The political economist Michael Hudson explains how economic terms like “capital gains” are deployed to deceive the public about who is benefiting from economic policy and where wealth is going.

A rushed transcript provided by The Real News Network follows.

—Posted by Alexander Reed Kelly


SHARMINI PERIES, TRNN: Welcome back to the Real News Network. I’m Sharmini Peries coming to you from Baltimore.

Today I’m being joined in our Baltimore studio by economist Michael Hudson. Michael has a new book out J is for Junk Economics: A Survivor’s Guide to Economic Vocabulary in an Age of Deception. Michael is a distinguished Research Professor of Economics at the University of Missouri, Kansas City. Thanks so much for joining us Michael.

MICHAEL HUDSON: Good to be here in your Baltimore studio.

PERIES: Thank you. So Michael, in the first segment we spoke more generally in terms of how people are misled through our policy makers in Washington in particular. But give us some specific examples of some of the terms used to mislead us.

HUDSON: Well take the word capital gains. People originally think capital gains, you have the image of industry growing and innovation taking place. There’s an indication as if somehow when real estate and housing prices go up, everybody’s getting richer. When the stock prices go up, the economies got richer. So Hillary Clinton was able to say, look at how the stock market soared in the last 8 years thanks to Mr. Obama.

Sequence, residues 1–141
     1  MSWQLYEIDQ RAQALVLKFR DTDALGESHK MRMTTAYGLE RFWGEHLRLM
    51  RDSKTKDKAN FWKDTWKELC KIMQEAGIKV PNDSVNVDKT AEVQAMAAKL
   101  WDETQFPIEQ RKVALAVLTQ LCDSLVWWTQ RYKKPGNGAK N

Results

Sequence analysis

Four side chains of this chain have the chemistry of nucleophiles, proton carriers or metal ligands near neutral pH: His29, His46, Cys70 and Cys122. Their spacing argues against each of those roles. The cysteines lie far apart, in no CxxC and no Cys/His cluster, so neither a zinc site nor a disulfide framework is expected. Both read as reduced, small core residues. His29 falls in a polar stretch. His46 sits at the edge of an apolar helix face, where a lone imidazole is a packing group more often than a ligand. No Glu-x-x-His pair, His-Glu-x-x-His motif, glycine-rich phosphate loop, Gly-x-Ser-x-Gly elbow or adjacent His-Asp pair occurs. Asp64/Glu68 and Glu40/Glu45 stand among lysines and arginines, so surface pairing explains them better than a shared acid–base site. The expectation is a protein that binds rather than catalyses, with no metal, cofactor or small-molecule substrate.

Well the stock market has soared but not the employees working conditions for the stock market. Most of these capital gains don’t simply reflect what the textbooks say. The textbooks say, well a company’s worth whatever it’s expected future earnings are. So the reason stocks are going up and bonds are going up and real estate is rents are going to go up and profits are going up and the economy is expanding and everybody’s getting richer. But that’s not why the stock market goes up at all.